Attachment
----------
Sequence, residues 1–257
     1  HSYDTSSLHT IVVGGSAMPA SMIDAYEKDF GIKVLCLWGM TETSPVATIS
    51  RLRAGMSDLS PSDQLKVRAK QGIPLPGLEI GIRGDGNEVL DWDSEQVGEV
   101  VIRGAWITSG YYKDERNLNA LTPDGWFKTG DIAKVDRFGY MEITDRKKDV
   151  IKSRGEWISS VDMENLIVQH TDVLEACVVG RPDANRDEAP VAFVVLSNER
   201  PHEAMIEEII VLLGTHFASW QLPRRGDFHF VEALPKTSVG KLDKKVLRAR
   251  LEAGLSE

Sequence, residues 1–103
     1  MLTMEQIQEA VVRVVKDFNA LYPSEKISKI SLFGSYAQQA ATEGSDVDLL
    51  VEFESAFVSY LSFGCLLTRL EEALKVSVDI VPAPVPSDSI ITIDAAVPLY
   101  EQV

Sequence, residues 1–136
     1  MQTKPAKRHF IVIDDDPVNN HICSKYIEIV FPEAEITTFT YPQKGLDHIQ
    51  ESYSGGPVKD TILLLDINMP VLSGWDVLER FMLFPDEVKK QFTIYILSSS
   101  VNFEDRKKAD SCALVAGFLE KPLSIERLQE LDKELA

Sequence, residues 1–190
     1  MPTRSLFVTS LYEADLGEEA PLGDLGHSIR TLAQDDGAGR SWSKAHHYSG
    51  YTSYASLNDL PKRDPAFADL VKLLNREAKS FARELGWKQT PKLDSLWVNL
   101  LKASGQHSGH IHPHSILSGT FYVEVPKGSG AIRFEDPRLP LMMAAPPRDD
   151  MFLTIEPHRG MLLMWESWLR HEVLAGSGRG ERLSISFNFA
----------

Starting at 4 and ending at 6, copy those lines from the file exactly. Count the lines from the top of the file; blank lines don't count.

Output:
   101  VIRGAWITSG YYKDERNLNA LTPDGWFKTG DIAKVDRFGY MEITDRKKDV
   151  IKSRGEWISS VDMENLIVQH TDVLEACVVG RPDANRDEAP VAFVVLSNER
   201  PHEAMIEEII VLLGTHFASW QLPRRGDFHF VEALPKTSVG KLDKKVLRAR